KUALA LUMPUR, Sept 28 – Former president of the Malaysian Bar, Ragunath Kesavan has called out Youth and Sports Minister Syed Saddiq Syed Abdul Rahman over his recent claim that the Cabinet is seriously considering lowering the voting age to 18, as it was pointless without taking other necessary measures to give youths a voice.
Referring to the Universities and University Colleges Act 1971 (UUCA), Ragunath said it was a contradiction if the law is not repealed first, Malaysiakini reported.
“You can’t have a situation where you amend the voting age to 18 but you still have the Universities and University Colleges Act 1971 (UUCA) in place.
“It is very difficult to talk about reducing the voting age in a vacuum without creating an environment for youths to develop, to speak out, to get involved in the politics of this country,” Ragunath said during a debate entitled “Voting at 18 – Are we ready?” in Universiti Malaya, which was also attended by the minister.
Syed Saddiq seemed to take on a defensive stance to the remarks by Ragunath saying he would not stand by and allow such a situation.
“I will be the last person to see UUCA continue to strangle our young ones. However, there are lots of things we want to do but at the same time, we can’t bulldoze it through Parliament.
“In general, there is an agreement that reforms must be made and all these reforms are of equal importance,” the minister was quoted as saying by the news portal.
Landslide of reforms in Dewan Rakyat next year
The minister later told a press conference following the debate that the Pakatan Harapan government will be repealing the UUCA during the first sitting of the Dewan Rakyat in 2019.
“That Dewan Rakyat session will be for a landslide of reforms which we would like to focus on, such as the UUCA and other existing laws. We are very keen to do so and we will do so because that is our promise to the people,” he said, according to Mkini.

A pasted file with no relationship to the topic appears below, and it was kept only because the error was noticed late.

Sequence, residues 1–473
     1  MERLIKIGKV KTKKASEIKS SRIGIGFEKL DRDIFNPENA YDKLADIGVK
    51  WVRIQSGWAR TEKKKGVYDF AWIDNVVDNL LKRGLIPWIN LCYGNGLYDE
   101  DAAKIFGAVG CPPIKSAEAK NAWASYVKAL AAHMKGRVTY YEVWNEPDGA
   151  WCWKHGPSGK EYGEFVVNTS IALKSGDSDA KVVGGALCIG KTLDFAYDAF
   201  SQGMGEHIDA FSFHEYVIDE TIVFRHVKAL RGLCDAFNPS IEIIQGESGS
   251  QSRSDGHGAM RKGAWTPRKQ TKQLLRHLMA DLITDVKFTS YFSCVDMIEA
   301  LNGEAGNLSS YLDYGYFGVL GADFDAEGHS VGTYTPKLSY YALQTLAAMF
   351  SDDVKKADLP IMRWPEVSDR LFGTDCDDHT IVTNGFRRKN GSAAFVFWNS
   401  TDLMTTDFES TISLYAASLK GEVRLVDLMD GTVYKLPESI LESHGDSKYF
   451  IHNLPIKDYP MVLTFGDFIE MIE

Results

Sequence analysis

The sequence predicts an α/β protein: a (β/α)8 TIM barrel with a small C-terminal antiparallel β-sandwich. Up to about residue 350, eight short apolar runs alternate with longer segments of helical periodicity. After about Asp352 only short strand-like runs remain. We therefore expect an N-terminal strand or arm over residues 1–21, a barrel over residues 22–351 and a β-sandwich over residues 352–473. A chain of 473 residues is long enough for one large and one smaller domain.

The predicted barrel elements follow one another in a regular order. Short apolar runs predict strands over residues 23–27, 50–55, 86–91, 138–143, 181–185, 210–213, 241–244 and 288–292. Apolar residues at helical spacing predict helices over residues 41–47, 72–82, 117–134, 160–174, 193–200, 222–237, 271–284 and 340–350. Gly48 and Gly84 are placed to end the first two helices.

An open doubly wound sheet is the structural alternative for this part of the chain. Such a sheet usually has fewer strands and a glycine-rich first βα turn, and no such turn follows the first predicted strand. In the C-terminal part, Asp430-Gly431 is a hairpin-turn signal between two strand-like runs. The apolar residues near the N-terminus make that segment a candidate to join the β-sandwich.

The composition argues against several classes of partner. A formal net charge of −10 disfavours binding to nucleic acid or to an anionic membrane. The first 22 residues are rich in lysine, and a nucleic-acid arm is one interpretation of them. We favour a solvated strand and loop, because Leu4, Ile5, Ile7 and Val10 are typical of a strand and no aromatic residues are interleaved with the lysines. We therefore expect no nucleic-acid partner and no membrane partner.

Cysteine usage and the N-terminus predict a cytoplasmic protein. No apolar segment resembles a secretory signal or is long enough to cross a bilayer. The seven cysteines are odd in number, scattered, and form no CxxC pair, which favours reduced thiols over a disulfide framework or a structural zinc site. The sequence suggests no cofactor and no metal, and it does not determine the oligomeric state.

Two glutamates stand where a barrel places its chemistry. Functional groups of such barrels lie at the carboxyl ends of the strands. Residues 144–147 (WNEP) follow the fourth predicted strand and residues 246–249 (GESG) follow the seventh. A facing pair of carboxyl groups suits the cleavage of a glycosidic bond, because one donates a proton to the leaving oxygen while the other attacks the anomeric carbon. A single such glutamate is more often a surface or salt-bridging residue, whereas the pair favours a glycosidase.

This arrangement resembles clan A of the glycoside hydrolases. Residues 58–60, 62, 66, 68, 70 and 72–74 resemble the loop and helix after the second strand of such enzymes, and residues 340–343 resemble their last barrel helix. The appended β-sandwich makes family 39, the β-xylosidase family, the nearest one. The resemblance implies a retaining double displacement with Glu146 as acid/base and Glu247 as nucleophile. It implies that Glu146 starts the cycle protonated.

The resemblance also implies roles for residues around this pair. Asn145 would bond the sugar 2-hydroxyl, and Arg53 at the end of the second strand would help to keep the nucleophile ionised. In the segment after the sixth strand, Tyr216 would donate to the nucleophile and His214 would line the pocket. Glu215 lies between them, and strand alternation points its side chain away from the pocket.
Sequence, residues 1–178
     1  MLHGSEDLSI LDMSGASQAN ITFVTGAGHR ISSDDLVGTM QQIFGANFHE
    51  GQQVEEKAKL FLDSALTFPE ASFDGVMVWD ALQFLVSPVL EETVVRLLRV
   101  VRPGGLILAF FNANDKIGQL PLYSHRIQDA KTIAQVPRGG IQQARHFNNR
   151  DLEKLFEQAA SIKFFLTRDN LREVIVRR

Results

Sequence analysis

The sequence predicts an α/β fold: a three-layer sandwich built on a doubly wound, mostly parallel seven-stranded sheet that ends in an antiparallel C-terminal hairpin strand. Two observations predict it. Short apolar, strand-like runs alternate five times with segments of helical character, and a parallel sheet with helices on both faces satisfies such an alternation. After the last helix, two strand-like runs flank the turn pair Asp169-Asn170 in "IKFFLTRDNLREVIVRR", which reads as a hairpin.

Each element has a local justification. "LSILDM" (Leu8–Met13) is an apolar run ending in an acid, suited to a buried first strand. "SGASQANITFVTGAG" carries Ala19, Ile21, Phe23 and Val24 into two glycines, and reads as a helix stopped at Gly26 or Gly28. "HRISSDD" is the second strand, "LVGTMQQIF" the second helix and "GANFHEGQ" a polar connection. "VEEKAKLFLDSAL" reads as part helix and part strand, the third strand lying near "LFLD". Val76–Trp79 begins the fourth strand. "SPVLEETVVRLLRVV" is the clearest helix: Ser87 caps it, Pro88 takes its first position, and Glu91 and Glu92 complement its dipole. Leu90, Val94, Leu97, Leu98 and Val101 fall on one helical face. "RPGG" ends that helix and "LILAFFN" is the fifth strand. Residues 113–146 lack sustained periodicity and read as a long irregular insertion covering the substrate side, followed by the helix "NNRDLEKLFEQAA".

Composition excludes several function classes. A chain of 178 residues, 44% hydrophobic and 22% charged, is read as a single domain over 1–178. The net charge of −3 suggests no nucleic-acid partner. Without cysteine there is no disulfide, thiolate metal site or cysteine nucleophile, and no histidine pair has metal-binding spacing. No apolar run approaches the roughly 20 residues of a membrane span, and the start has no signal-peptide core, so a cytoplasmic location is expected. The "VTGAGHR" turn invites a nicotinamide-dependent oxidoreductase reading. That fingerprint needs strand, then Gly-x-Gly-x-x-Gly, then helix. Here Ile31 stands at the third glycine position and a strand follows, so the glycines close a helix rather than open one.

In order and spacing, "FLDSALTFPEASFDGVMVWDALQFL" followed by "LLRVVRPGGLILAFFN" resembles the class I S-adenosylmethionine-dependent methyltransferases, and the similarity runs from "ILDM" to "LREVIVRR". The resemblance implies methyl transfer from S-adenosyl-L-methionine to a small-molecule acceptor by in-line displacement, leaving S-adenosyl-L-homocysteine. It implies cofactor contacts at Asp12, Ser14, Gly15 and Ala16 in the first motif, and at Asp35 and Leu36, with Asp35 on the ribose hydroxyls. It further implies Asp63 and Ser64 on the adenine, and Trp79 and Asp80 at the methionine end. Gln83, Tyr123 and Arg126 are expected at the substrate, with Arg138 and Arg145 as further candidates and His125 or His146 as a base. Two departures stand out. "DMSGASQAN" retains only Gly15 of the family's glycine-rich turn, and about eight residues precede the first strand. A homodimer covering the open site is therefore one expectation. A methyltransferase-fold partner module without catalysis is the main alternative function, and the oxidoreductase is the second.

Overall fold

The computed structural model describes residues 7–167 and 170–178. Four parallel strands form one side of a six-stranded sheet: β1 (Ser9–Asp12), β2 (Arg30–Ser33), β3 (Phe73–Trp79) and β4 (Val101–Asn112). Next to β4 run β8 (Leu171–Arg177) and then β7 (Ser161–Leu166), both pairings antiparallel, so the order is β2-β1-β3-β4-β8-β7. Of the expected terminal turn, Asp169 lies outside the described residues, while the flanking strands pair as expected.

The other laws that PH had promised to repeal in its manifesto included the Security Offences (Special Measures) Act 2012 (Sosma), the Sedition Act, the Printing Presses and Publications Act 1984.
The new government had previously tried to repeal the Anti-Fake News Act 2018. Though the repeal was passed by the Dewan Rakyat, the Dewan Negara later voted against the repeal.
High school students should be open to politics
He added that the freedom of expression, including political discourse should not be just limited to those in tertiary institutions but also at the high school level.
“This is because we want to ensure our young ones become informed voters and critical thinkers,” Syed Saddiq said, according to Mkini.
His thoughts seemed to echo that of another former Bar chief, Ambiga Sreenevasan in another event earlier yesterday.
Mkini reported her as saying that political education in school can start small to inculcate good values for better understanding by the students.
“I think education can start much younger. Maybe what we need to do is to look at local council elections, start small to get children involved even in schools,” she was quoted as saying.
This is especially so, with those who are in Form 1 today, at 13 years of age, likely being eligible to vote in five years, when the next general election is scheduled to be held.
Voter age not linked to maturity
On that note, Syed Saddiq, who is the Muar MP, said that allowing an 18-year-old to vote should only be based on their right, being considered an adult at that age and legally allowed to drive and get married, and also to be held criminally-liable.
“There is no room for arbitrary assessments of maturity. How does one make that personal assessment?
“The right to vote should never be based on a presumption of immaturity or intellect. It is degrading to simply label young people as immature or as not having the same level of immaturity or intellect as those who are older,” he was quoted as saying by Mkini.